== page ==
Preventing Diabetes in a Fast-Paced, High-Tech World
How about an apple instead?
By William Y. Rice, MD
My colleagues call the high rate of obesity in this country the modern plague. Death isn’t instant, the way it was when plague struck Europe during the Middle Ages. Rather, this modern plague kills by a slow and steady decline, beginning with diabetes and ending with heart attack, stroke or kidney failure.
If you don’t believe me, take a look at the maps public health officials publish that show large parts of the country with epidemic proportions of obesity and diabetes. The story is even worse in North Carolina and other parts of the Southeast where in many counties obesity rates are as high as 30 percent and diabetes rates top 11 percent.
Around here, for example, more than 9 percent of adults in Yadkin, Stokes and Davidson counties have diabetes. I know what those figures mean because I see the results in my office at Wake Forest Baptist Health, where I am a doctor in general internal medicine.
At Wake Forest Baptist, I am surrounded by the latest in technology and cutting-edge research. I believe in these tremendous advances, but I also know that the solution to the modern-day plague lies in prevention. According to the latest studies, more than 90 percent of adult onset diabetes, also known as Type 2 diabetes, can be prevented with diet and exercise.
What Is Diabetes?
First, a quick lesson on diabetes. Type 1 diabetes begins in childhood, in patients whose pancreas stops producing insulin that regulates sugar levels. Diet alone doesn’t control this kind of diabetes. These patients need insulin. The kind of diabetes that’s diagnosed in adults is different. With Type 2 diabetes, the pancreas still produces insulin but the body has grown resistant and the normal glucose processing cycle breaks down. For reasons we don’t completely understand, obesity interferes with the way cells process insulin. Because of that, obesity is the leading cause of Type 2 diabetes.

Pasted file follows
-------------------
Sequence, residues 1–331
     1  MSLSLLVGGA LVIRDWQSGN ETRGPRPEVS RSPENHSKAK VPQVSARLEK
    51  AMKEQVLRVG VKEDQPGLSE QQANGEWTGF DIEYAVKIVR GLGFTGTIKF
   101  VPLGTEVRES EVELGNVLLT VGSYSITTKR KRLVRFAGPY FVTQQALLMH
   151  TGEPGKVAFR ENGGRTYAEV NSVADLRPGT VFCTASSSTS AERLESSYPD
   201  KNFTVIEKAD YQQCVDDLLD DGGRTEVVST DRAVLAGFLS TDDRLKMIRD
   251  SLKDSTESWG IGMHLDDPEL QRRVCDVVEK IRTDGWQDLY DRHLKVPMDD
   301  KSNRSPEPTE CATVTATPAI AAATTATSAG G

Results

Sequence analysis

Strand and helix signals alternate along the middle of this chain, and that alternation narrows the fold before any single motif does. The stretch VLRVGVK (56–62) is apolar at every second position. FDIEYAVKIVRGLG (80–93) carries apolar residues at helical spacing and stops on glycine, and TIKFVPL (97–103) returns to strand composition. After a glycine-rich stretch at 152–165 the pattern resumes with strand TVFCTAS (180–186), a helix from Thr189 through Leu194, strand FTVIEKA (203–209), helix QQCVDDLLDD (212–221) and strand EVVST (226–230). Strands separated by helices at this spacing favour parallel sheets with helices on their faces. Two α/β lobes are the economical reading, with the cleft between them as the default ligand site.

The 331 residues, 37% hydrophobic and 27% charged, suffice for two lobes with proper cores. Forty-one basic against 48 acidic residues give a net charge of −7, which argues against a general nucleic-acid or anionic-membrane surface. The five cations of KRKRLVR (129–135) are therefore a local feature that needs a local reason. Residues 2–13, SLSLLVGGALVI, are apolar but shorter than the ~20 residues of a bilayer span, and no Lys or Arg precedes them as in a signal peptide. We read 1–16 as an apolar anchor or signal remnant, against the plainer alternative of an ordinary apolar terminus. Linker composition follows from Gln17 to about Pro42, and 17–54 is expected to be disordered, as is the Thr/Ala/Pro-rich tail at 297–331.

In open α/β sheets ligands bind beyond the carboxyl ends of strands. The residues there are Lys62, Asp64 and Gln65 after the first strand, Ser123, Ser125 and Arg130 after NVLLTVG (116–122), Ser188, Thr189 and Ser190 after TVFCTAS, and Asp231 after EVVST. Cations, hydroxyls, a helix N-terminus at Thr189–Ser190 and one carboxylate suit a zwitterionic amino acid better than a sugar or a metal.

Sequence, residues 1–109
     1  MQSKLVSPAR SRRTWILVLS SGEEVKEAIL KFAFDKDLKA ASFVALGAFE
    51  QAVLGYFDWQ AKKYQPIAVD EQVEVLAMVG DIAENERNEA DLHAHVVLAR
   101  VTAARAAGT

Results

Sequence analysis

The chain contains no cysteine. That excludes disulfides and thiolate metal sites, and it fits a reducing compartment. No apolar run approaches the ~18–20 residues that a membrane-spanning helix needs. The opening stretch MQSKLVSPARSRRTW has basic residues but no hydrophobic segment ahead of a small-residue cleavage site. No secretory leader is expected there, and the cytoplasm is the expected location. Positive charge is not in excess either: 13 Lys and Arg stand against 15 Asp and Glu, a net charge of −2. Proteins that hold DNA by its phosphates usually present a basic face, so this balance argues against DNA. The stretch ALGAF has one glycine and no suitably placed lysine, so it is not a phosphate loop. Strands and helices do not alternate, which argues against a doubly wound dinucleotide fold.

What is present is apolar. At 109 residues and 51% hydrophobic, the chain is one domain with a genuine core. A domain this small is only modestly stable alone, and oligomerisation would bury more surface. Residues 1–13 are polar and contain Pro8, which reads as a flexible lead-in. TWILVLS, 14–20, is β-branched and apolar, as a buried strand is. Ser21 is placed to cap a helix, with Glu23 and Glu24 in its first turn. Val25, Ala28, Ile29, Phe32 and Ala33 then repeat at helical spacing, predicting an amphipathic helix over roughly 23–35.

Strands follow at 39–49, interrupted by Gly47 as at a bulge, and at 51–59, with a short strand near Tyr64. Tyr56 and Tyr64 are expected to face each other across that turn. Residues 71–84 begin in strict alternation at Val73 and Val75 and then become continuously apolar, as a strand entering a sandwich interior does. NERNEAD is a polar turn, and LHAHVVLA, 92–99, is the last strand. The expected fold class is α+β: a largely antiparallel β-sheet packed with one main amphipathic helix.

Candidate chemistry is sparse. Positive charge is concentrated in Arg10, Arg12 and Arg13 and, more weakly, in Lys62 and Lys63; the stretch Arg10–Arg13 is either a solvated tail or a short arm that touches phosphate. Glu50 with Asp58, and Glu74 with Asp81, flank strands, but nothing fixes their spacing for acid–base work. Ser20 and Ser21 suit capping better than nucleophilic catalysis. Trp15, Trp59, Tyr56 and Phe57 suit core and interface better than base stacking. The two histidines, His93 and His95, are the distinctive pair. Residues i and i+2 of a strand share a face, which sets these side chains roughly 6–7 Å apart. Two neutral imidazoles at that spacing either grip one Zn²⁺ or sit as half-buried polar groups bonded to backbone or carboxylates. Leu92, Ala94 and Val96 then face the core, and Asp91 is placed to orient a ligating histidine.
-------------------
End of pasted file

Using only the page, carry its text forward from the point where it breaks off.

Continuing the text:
[Try our simple Diabetes Type II Risk Calculator.]
It’s important to get your sugar levels tested during regular medical exams, especially if you’re overweight or have a family history of Type 2 diabetes. A fasting blood sugar level of 100 or lower is considered normal. Levels between 100 and 125 put a patient at risk for diabetes. Above 126 is considered diabetes.
Unregulated glucose levels lead to a series of complicated medical problems: clogged arteries, heart disease, stroke, kidney failure, blindness, amputation and more. That’s the slow and steady march of the modern plague.
A number of medications help control glucose levels. If diet and exercise fail, I don’t hesitate to prescribe them. But I prefer that my patients try prevention first. I know prevention works. The research demonstrates that and so do my patients. I had a 50-year-old patient recently who was on the verge of needing medication. He lost 25 pounds in six months. That was enough to bring his sugar level down below the diabetic range.
But I’ve been at this long enough to know that it’s easier to preach prevention than to practice it. Many of my patients tell me that they don’t have time for exercise. They work two jobs, or they work at night and their days are filled with family obligations. Maybe they can’t afford to join a gym. And many of my older patients also suffer from arthritis, which makes walking and other forms of exercise painful.
“Start easy,” I tell my patients. “If your life is that full, let’s think of things you can do in the context of the day. Use the stairs at work. Cut down on snacking. What would it look like not to grab a cookie but have an apple instead?”
The Long-Term Implications of Being Overweight
I ask my patients to think about the long term. You’re 30 pounds overweight today. What does that mean for your life ten years from now? For an overweight 60-year-old woman with high blood pressure and pre-diabetic blood sugar levels that might mean she won’t be well enough to enjoy her time with her infant grandchild.
“Ten years from now you won’t be able to enjoy going to Disney World with your grandchild,” I tell her. “You’ll want to be able to walk around. If you don’t make some changes now, you’re going to miss out on some important events.”
It’s easy for my patients to grow discouraged. And I’ll confess that I get discouraged, too. But then I think about what it means to face a lifetime of heart disease. I think about my patients debilitated by stroke and those whose lives are consumed by a schedule of kidney dialysis. I urge my patients to take the long view.
Take a walk. Eat a salad for lunch. Cut down on fried foods. Take the stairs. And don’t worry about losing weight all at once. Take it slowly. Behavior change is difficult. Find a friend or family member who will encourage you.
“I’m not interested in what you weigh a year from now,” I say. “I’m interested in what you weigh five, ten years from now.”